There has been a "modest increase" in the energy weighting, says Robitaille. The Guardian equity-income team has been adding to its core holdings in Canadian oil producers: Cenovus Energy Inc. CVE, Baytex Energy Corp. BTE and Crescent Point Energy Corp. CPG. But it lightened up on its holding in natural-gas producer Peyto Exploration & Development Corp. PEY, as the stock had a strong run.

Energy infrastructure companies remain a cornerstone of the portfolio, says Robitaille. "There are high barriers to entry in this business and there are good low-risk growth prospects."

The equity-income team recently trimmed its holding in Keyera Corp. KEY, a midstream, company that provides a range of services to energy producers in Western Canada. "The company produced good results and the stock ran up sharply," says Robitaille. "The stock is a long-standing holding and remains a core position."

The team deployed the proceeds of this trimming into another infrastructure holding, Pembina Pipeline Corp. PPL, a pipeline and natural-gas-processing company. "The stock's valuation was more attractive given Pembina's growth prospects," says Robitaille.

In March, Pembina came to market with a bought deal worth approximately $300 million and "we participated in it." The proceeds, she says, will help the company to finance its proposed $1 billion in capital expenditures.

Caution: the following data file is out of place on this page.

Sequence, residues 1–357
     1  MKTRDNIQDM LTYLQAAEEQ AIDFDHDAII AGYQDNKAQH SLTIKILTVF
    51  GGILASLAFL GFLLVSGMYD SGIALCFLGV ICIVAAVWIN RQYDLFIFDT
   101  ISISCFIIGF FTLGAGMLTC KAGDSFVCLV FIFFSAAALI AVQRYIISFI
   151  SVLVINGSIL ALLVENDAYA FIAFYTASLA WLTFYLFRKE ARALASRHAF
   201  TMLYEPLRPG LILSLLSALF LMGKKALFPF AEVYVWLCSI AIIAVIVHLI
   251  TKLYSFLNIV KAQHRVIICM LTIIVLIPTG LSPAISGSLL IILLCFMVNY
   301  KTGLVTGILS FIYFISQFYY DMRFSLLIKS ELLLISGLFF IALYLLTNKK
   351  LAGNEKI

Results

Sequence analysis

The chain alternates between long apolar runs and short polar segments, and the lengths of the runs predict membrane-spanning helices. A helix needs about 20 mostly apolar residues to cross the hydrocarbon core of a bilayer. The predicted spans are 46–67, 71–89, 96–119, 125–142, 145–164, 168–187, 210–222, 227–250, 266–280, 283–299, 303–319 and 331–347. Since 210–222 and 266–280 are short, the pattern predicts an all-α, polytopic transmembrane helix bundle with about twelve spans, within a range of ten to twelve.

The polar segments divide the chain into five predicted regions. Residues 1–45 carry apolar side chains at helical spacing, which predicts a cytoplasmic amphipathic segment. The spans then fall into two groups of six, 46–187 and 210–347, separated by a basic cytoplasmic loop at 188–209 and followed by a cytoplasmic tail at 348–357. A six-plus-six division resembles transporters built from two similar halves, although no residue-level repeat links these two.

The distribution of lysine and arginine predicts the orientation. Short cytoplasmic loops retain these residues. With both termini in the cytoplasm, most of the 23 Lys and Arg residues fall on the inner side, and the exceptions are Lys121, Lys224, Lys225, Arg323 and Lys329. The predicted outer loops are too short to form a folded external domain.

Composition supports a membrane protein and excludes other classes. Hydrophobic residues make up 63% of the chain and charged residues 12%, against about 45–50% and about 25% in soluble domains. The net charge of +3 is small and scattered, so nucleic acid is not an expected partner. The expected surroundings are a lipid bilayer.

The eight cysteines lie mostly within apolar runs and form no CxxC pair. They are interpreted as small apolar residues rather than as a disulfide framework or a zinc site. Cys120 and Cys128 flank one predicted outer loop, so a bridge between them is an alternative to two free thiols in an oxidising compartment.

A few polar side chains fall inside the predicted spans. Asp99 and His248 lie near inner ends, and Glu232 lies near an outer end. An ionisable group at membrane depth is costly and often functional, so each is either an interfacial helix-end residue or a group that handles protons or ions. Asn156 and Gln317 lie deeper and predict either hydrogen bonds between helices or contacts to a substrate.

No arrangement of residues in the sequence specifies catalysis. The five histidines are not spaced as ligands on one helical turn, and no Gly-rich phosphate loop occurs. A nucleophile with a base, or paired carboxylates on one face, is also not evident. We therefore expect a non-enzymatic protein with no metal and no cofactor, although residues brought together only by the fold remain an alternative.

Both Keyera and Pembina offer midstream services, says Robitaille, including gas fractionation, "which removes valuable liquids such as propane and butane, from the gas." These companies also store, transport and market these liquids. "Industry dynamics favour midstream companies, as there is a shortage of their services and the facilities are hard to replicate," Robitaille says.

BMO Monthly High Income also has a holding in TransCanada Corp. TRP. The company is the sponsor of the Keystone XL Pipeline project. "The company has done a good job in diversifying its project mix, in case this project is not approved," says Robitaille. For example, TransCanada is looking to convert natural-gas pipeline capacity in its existing Canadian Mainline to crude-oil service so as to transport crude from Western Canada to eastern Canadian markets.

Keyera Corp. Pembina Pipeline Corp. TransCanada Corp.
April 15 close $58.47 $31.39 $47.94
52-week high/low $59.24-$37.50 $32.13-$24.86 $50.08-$41.47
Market cap $4.6 billion $9.6 billion $33.8 billion
Total % return 1Y* 55.3 12.0 17.0
Total % return 3Y* 35.1 26.9 12.1
Total % return 5Y* 27.1 18.6 8.4
*As of April 15, 2013
Source: Morningstar

In the financial sector, Robitaille reports that the Guardian equity-income team has been selectively adding to its REIT holdings. This is after two years of steadily reducing its weighting in this area for reasons of valuation. "In the first quarter of 2013, a number of REITs offered a decent buy opportunity," says Robitaille. The team has added to Boardwalk REIT BEI.UN/TSX and Cominar REIT CUF.UN/TSX.

Canadian Real Estate Investment Trust REF.UN/TSX continues to be the portfolio's largest REIT holding. "It has a high-quality, diversified real-estate portfolio and a conservative management team."

Overall, says Robitaille, Canadian REITs are "fundamentally healthy." They are growing operating earnings in the 4% to 6% range and their distribution yield is 4% to 6%, she notes. "They are capable of producing total returns to investors of 10% a year," she says.

Investors, she says, can look to similar or slightly better returns from the major Canadian chartered banks. "This is despite the headwinds on the domestic retail-banking front." BMO Monthly High Income has significant holdings in Toronto-Dominion Bank TD, Bank of Nova Scotia BNS and Royal Bank of Canada RY.

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Sonita Horvitch

Sonita Horvitch